Leaky pressed steel chaincase

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Leaky pressed steel chaincase

Postby simondewings » Mon Feb 09, 2015 11:49 am

Has anyone managed to find a real fix for this.
I have a 55 G3L bitsa and CANNOT stop the chaincase leaking.
Not aiming for authentic looks so even a conversion to O ring chain is a thought. Anyone tried that?
Thanks for any input.

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Re: Leaky pressed steel chaincase

Postby clive » Mon Feb 09, 2015 12:47 pm

The club spares scheme (AMOC parts from the home page) now sells a seal which has had good reports although I have not tried it myself. However not all the oil is usually coming from the seal, it also leaks from the gearbox hole and the dynamo hole. Finally if the bore/rings are a bit tired then due to blow-by the crankcase breather sends out an oil mist which tends to deposit on the back of the chaincase.
As for the o-ring conversion, these tend to be wider than the original chains and I think you may have problems with chains clashing and/or clearance around the back of the clutch basket and the inner chaincase, also there is question of oiling to the clutch rollers.
clive
if it ain't broke don't fix

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Re: Leaky pressed steel chaincase

Postby saltbox alf » Mon Feb 09, 2015 2:36 pm

Here is the gospel according to ITMA and with the new club seal even better, but you find all possible leak points covered here.

Here follows ITMA's gospel of the tin chain case. Worth reposting for all as it points out the various places the case can leak from.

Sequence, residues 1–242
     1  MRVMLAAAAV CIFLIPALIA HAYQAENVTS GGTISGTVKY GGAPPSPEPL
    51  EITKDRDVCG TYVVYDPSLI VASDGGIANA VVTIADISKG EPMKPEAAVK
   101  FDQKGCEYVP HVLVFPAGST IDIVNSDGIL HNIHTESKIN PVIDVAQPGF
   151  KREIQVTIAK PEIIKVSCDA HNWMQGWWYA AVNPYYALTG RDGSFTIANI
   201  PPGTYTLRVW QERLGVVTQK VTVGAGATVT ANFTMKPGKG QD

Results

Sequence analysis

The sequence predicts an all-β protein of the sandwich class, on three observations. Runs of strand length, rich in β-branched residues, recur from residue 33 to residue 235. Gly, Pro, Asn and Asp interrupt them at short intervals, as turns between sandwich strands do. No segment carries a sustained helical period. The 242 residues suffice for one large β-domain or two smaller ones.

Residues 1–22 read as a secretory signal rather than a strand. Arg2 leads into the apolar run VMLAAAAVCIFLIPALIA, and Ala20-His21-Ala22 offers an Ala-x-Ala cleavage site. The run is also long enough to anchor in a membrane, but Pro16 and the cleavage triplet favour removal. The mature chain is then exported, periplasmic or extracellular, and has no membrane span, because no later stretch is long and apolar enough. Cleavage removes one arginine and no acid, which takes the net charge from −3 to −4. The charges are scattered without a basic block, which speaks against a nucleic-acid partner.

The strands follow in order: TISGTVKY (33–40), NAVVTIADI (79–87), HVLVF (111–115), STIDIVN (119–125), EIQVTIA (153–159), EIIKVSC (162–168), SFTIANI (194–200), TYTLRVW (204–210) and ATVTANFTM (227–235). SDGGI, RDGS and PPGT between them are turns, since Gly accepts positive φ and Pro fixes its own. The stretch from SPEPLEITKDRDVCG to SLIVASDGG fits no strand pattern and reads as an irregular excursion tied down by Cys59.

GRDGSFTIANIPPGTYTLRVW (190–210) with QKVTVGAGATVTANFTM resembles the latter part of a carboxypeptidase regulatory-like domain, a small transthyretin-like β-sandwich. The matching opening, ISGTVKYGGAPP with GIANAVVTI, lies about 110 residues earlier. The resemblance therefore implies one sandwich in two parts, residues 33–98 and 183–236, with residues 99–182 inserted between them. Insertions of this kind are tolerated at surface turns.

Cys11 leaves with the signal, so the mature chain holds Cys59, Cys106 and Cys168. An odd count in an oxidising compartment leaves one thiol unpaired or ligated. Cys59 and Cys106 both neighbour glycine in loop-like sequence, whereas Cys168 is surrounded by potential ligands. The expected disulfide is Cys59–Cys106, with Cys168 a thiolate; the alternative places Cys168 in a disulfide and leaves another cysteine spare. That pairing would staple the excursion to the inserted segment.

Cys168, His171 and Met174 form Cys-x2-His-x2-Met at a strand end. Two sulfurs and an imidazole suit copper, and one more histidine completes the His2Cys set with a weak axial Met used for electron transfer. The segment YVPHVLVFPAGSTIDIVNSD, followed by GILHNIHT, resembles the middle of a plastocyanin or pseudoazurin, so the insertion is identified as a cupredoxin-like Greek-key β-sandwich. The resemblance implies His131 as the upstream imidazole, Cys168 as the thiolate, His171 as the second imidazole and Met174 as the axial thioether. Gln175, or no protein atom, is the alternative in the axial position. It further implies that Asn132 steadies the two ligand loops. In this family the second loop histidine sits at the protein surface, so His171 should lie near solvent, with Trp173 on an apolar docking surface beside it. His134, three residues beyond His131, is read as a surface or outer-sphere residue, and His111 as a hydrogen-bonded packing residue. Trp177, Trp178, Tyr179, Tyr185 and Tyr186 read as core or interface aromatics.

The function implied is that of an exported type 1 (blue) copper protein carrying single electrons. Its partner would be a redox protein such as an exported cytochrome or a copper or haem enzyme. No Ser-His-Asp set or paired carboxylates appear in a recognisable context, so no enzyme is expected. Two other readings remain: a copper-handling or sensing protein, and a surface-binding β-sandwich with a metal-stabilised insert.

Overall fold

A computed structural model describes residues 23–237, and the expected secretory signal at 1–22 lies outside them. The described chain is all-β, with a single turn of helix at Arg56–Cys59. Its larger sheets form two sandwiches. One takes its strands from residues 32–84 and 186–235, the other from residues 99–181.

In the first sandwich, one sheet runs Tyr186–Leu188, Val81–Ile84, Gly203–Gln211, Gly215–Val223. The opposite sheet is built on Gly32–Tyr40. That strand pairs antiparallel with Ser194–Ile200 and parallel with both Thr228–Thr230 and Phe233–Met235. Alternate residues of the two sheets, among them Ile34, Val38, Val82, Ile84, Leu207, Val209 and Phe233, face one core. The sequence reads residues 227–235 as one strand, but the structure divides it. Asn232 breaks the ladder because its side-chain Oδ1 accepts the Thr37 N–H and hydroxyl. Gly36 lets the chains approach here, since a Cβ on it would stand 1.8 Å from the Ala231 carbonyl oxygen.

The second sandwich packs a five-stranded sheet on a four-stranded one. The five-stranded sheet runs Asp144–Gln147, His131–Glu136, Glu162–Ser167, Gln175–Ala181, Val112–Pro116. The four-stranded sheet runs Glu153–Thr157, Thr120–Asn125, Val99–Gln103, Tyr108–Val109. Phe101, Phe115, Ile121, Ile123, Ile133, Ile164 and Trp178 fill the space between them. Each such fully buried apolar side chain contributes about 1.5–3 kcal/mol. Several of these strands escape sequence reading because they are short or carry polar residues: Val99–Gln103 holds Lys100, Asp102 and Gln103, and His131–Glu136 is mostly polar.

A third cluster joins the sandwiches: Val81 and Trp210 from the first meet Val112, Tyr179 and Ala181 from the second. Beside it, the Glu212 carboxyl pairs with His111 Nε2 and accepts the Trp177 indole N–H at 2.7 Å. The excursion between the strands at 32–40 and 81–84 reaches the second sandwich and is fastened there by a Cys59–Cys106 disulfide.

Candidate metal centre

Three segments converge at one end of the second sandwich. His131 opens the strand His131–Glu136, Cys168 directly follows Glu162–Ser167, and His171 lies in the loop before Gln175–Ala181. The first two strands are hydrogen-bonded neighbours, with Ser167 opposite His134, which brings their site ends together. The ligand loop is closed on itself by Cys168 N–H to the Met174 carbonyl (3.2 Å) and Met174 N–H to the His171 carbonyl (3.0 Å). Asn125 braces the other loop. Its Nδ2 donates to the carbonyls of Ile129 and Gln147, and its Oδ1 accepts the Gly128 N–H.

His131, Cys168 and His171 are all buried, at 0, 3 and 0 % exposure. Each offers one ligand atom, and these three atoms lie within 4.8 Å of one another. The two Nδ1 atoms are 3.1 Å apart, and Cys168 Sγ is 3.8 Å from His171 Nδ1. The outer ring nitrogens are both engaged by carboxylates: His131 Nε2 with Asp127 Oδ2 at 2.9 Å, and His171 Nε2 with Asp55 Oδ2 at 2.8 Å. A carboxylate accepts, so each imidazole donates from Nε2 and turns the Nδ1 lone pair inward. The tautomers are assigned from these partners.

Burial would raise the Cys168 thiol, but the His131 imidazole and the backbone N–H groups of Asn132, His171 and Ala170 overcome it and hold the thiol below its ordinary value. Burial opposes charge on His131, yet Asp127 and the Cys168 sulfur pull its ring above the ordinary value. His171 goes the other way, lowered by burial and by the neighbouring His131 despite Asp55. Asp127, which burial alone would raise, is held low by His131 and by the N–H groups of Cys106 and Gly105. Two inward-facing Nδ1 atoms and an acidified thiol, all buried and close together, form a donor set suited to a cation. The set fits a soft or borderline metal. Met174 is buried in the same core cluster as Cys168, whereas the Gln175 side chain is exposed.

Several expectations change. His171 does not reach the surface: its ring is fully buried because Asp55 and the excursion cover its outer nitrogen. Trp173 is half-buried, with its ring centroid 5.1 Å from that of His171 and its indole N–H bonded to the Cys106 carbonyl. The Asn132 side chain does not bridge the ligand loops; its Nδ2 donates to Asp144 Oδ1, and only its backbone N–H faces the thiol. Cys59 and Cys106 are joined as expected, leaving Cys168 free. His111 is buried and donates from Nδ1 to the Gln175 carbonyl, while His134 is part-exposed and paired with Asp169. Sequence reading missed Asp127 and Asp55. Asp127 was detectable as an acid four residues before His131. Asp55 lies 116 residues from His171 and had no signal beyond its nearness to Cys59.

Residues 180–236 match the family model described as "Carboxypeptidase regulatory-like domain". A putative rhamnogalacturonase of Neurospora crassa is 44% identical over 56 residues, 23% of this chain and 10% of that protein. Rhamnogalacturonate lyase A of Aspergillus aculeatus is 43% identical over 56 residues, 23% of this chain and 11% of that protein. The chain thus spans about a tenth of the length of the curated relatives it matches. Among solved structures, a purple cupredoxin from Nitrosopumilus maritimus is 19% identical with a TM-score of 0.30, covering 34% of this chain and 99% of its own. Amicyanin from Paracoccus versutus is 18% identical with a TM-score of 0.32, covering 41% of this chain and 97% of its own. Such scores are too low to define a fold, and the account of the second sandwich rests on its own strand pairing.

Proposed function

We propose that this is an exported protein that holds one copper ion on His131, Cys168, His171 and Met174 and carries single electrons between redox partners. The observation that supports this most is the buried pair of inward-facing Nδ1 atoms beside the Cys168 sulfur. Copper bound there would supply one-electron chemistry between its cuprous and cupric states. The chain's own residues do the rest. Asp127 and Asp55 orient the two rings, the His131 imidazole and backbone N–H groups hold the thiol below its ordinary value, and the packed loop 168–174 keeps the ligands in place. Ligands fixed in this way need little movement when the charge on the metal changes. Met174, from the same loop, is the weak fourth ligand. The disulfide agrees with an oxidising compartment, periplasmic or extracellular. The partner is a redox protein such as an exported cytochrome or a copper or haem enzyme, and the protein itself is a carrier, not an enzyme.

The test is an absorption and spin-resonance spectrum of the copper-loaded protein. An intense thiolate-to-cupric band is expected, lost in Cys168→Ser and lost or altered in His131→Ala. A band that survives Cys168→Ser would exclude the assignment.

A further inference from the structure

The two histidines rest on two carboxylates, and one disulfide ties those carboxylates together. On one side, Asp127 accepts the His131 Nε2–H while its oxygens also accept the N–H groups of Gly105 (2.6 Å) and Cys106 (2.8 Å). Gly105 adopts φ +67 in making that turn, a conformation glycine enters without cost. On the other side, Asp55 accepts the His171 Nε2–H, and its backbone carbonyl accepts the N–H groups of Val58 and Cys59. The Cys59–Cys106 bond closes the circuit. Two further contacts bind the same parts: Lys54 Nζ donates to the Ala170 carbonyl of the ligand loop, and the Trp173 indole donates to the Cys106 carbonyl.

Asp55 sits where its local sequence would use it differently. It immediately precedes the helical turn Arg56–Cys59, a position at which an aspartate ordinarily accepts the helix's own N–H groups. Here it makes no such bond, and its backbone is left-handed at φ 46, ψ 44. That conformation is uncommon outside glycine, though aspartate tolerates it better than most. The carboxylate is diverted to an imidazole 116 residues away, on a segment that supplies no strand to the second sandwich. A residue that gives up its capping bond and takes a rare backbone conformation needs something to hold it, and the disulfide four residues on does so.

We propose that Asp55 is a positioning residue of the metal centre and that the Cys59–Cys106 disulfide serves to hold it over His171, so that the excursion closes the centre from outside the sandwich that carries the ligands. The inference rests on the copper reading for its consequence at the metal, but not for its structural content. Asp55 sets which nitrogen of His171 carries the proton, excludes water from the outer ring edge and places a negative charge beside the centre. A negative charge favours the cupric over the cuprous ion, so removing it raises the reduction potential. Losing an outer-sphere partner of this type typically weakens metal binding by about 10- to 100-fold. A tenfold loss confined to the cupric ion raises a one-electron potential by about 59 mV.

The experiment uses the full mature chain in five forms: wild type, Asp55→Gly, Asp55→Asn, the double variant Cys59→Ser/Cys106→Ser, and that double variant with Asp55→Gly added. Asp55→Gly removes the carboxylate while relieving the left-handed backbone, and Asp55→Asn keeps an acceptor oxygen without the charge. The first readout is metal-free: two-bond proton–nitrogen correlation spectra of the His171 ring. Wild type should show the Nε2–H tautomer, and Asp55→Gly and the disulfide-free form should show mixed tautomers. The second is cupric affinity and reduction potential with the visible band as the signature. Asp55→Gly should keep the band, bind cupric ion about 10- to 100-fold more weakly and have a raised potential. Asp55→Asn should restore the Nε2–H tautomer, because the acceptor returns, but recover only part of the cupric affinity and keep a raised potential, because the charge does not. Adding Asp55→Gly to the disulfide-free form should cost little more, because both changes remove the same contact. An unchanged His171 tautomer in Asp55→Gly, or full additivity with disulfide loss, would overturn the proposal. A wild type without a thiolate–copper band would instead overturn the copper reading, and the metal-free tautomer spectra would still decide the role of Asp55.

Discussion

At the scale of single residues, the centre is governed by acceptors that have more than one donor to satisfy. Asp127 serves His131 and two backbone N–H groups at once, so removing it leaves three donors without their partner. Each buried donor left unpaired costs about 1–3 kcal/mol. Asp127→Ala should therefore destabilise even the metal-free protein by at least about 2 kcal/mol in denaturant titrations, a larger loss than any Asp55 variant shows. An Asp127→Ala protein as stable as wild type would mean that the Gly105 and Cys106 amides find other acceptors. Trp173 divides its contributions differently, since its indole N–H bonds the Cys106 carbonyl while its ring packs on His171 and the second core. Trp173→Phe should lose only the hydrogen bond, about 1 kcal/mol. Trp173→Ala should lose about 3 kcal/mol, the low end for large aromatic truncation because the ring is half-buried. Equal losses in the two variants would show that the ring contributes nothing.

I have followed this procedure and have a fairly oil tight case, the odd drip as expected.

There are 9 holes in the tin chaincase where oil can potentially leak;
around the mainshaft boss
the three bolt holes
the dynamo hole
the centre stud hole the gearbox mainshaft hole
the joint itself
most of these leaks are attributable to causes other than poor design, these cases are not as bad as they are made out to be and with care can be made almost 100% tight.
Strip out all the drive side and clean it all off, starting at the main shaft boss, this area is often damaged where a loose back half has been fretting on the ally casting, next the three screw holes, are they damaged or spilt? although the bolt heads are 2BA the threads are 0BA NOT 1/4 BSF which is very similar to the eye, 1/4 BSF can be used if need be but the clearances will need to be carefully checked, I have on occasion used cheeseheaded screws here, drilled for wire but its fiddly.
What is necessary is that the screw holes be absolutley cleaned out,with the appropriate taper tap, or an aerosol cleaner. you will be amazed at the clag that comes out,this will stop the screws from using all the thread length, and/or all the old oil will get hydrauliced past the threads thus rendering useless the loctite you`ll be using later.
Do not bother with the useless locktabs, use a shakeproof washer and loctite, I`ve not had one drop out yet.